As Chanel Prepares Havana Fashion Show, Rep. Ileana Ros-Lehtinen Beefs with Designer Karl Lagerfeld

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As if Cuba needed another dictator, fashion's reigning tyrant, Karl Lagerfeld, will present Chanel's 2017 Cruise collection in Havana tonight. It will be the first major fashion show by an international brand in Cuba in decades, but not everyone is pleased. 

Republican Rep. Ileana Ros-Lehtinen has taken to Twitter multiple times over the past few weeks to troll Lagerfeld's decision to hold the show in the communist country by calling attention to Cuba's numerous human rights violations. 

Each Tweet is paired with a photo of Cuba's Ladies in White, a group that uses its own fashion statement to protest the Castro regime. Made up of the wives and daughters of jailed dissidents, the women attend Mass each Sunday in white clothing, and then silently walk through the streets of Havana.

Since the group's 2003 formation, they have been met by counter-protestors several times, and some incidents have led to mass arrests. Most recently, Cuban officials jailed more than 50 members of the Ladies in White just hours before President Obama arrived in April. 

Though, not everyone who supports the Ladies in Whites is necessarily opposed to the Chanel fashion show. Singer Gloria Estefan and her husband Emilio have used their considerable celebrity to bring attention to the group's plight several times. But they also spoke favorably of the Chanel show last month. When asked by New York's The Cut last month, Gloria described the idea of the show as "wonderful," and Emilio added that it was "great for the Cuban people."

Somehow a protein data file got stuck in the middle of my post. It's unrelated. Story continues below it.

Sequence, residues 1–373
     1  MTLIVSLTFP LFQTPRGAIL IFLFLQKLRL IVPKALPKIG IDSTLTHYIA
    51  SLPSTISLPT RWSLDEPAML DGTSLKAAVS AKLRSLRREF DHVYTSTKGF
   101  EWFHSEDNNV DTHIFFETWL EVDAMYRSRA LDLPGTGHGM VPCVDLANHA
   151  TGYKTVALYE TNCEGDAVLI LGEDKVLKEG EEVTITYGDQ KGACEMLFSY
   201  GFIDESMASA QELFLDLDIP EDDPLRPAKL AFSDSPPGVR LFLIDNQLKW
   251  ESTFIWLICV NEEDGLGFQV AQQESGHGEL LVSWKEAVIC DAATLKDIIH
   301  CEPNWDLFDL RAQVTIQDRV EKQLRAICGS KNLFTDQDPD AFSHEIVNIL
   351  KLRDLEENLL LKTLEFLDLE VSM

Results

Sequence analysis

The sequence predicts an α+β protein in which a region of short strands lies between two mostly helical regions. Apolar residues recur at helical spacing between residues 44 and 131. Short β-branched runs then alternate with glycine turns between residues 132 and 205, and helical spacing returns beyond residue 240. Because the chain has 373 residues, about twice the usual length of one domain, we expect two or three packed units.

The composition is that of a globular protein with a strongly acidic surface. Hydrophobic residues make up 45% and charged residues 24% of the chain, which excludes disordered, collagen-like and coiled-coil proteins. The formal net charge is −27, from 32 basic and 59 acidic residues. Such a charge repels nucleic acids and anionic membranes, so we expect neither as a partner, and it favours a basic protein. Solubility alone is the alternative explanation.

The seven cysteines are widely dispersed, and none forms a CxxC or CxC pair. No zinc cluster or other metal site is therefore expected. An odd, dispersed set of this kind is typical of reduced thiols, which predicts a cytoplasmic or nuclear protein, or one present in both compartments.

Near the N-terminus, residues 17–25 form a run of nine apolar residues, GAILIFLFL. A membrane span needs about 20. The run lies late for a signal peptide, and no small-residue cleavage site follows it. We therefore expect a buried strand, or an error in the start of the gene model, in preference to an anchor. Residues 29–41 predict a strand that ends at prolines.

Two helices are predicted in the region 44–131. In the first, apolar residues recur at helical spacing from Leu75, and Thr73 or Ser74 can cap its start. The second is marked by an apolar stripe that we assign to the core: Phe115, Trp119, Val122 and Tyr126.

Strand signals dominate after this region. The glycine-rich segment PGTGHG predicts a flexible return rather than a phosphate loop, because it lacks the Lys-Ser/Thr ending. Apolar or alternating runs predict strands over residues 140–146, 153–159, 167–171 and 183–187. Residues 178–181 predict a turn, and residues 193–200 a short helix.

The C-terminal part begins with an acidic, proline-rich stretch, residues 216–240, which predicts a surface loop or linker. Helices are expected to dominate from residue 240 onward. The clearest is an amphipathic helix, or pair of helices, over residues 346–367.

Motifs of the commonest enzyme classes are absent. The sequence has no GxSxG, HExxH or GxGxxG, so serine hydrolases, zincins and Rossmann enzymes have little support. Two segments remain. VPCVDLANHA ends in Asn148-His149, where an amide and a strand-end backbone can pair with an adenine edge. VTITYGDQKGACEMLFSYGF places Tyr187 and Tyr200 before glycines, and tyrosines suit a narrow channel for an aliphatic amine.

“Listen, it doesn’t matter, it’s there, the image is there, they’re seeing beautiful clothes, they’re seeing fashion,” Gloria added when asked if it matters that most Cubans couldn't afford Chanel's pricey wares. 

Basically, Ros-Lehtinen and her ilk feel that Cuba should not be glorified with international attention until all of the country's problems are addressed, while Estefan and other seems to take the view that the outside world directly connecting with Cuba is ultimately good for its people. 

Indeed, there is something almost subversive about anti-Capitalist Cuba hosting a fashion house that has so perfectly mastered the art of capitalism that it can charge a pretty premium simply because its name is attached to an item. Then again, there is something a bit out of touch by celebrating that extreme glamour in a country where so many get by on so little. 

For what's its worth, as a French company, there was nothing technically forbidding Chanel from showing in Cuba before the recent thaw in relations between Havana and Washington. 

In any event, so far the Twitter feud has remained one-sided. Neither Lagerfeld nor Chanel have responded to Ros-Lehtinen.

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